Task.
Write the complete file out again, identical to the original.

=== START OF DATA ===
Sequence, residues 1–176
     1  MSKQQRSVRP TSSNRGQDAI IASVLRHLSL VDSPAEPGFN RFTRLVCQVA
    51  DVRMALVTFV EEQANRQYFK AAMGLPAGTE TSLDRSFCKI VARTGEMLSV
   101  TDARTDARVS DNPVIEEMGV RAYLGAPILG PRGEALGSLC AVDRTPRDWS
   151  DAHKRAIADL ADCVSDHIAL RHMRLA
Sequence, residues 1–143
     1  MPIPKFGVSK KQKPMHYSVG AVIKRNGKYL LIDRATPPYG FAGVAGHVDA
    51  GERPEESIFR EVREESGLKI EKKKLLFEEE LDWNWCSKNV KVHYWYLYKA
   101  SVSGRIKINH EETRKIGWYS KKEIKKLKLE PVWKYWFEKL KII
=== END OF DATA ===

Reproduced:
Sequence, residues 1–176
     1  MSKQQRSVRP TSSNRGQDAI IASVLRHLSL VDSPAEPGFN RFTRLVCQVA
    51  DVRMALVTFV EEQANRQYFK AAMGLPAGTE TSLDRSFCKI VARTGEMLSV
   101  TDARTDARVS DNPVIEEMGV RAYLGAPILG PRGEALGSLC AVDRTPRDWS
   151  DAHKRAIADL ADCVSDHIAL RHMRLA
Sequence, residues 1–143
     1  MPIPKFGVSK KQKPMHYSVG AVIKRNGKYL LIDRATPPYG FAGVAGHVDA
    51  GERPEESIFR EVREESGLKI EKKKLLFEEE LDWNWCSKNV KVHYWYLYKA
   101  SVSGRIKINH EETRKIGWYS KKEIKKLKLE PVWKYWFEKL KII